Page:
Doubts On FBI's Anthrax Case, Pentagon Focus on Social Networks, NewsCorp Witness Dead
Revealing News Articles
July 26, 2011
Below are key excerpts of important news articles on new documents casting additional doubt on the FBI's anthrax case against Bruce Ivins, the Pentagon's focus on intervention in social networks, the death of key NewsCorp phone hacking scandal witness Sean Hoare, and more. Each excerpt is taken verbatim from the major media website listed at the link provided. If any link fails to function, click here. The most important sentences are highlighted. And don't miss the "What you can do" box below the summaries. By choosing to educate ourselves and to spread the word, we can and will build a brighter future.
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Tod Fletcher and Fred Burks for PEERS and WantToKnow.info
Special note: To read an excellent article exploring the question "Why Do the Police Have Tanks?", click here. For a vitally important analysis of the plans of the Transportation Security Administration (TSA) to carry out its agency motto, "Dominate. Intimidate. Control.", click here.
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New Documents Cast Doubt on Federal Anthrax Case
July 18, 2011, PBS Frontline/McClatchy News
The Justice Department has called into question a key pillar of the FBI's case against Bruce Ivins, the Army scientist accused of mailing the anthrax-laced letters that killed five people and terrorized Congress a decade ago. Shortly after Ivins committed suicide in 2008, federal investigators announced that they had identified him as the mass murderer who sent the letters to members of Congress and the media. The case was circumstantial, with federal officials arguing that the scientist had the means, motive and opportunity to make the deadly powder at a U.S. Army research facility at Fort Detrick, in Frederick, Md. On July 15, however, Justice Department lawyers acknowledged in court papers that the sealed area in Ivins' lab -- the so-called hot suite -- did not contain the equipment needed to turn liquid anthrax into the refined powder that floated through congressional buildings and post offices in the fall of 2001. The government's statements deepen the questions about the case against Ivins. Searches of his car and home in 2007 found no anthrax spores, and the FBI's eight-year, $100 million investigation never proved he mailed the letters or identified another location where he might have secretly dried the anthrax into an easily inhaled powder.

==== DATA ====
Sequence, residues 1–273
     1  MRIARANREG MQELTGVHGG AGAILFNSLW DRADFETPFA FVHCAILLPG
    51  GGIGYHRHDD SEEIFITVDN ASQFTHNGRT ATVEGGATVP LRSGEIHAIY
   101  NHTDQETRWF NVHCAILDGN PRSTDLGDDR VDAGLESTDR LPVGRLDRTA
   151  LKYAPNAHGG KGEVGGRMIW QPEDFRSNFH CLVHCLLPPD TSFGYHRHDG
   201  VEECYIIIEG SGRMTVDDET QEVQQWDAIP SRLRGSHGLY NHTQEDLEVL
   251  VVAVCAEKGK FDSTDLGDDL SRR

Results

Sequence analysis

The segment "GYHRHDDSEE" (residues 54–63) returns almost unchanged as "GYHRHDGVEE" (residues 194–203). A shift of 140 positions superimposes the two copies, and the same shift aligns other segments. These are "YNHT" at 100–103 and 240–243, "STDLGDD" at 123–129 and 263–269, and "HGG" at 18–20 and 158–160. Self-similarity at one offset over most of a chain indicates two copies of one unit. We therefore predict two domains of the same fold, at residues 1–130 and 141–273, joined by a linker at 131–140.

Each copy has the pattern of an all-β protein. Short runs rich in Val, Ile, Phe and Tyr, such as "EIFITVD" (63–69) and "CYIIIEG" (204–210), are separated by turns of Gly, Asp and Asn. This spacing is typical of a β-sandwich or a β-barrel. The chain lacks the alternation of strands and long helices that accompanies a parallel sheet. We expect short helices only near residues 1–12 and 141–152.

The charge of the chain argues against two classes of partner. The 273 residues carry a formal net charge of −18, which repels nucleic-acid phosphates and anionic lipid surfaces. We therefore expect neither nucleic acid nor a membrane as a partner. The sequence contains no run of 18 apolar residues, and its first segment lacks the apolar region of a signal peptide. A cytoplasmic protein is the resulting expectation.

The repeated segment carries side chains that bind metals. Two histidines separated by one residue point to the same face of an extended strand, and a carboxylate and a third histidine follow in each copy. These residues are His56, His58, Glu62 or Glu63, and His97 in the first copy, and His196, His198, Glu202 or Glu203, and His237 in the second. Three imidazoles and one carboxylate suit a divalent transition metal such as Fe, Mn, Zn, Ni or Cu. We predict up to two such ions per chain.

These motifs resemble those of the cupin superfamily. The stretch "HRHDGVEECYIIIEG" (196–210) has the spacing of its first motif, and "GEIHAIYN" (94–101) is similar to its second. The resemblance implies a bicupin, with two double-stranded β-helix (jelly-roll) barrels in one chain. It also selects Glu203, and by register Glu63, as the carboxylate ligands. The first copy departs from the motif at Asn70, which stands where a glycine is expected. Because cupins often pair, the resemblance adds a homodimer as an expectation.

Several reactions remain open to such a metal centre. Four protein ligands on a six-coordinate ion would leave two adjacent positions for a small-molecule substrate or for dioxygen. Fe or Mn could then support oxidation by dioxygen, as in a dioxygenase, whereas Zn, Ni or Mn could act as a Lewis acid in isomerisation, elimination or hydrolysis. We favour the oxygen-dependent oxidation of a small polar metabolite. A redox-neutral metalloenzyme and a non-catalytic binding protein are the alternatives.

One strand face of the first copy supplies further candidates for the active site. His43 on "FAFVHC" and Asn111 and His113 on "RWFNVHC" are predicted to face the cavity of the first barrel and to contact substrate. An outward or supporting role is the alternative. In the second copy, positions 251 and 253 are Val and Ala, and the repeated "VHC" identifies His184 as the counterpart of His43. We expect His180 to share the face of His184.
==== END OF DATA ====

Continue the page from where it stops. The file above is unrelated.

Note: For more doubts on the FBI's case against Ivins, click here. For a detailed analysis of the anthrax attacks by Prof. Graeme MacQueen of McMaster University, showing that it was an integral part, with the 9/11 attacks, of a larger operation to launch two wars, click here.
Pentagon looks to social media as new battlefield
July 21, 2011, The Telegraph (One of the UK's leading newspapers)
The Pentagon is asking scientists to figure out how to detect and counter propaganda on social media networks in the aftermath of Arab uprisings driven by Twitter and Facebook.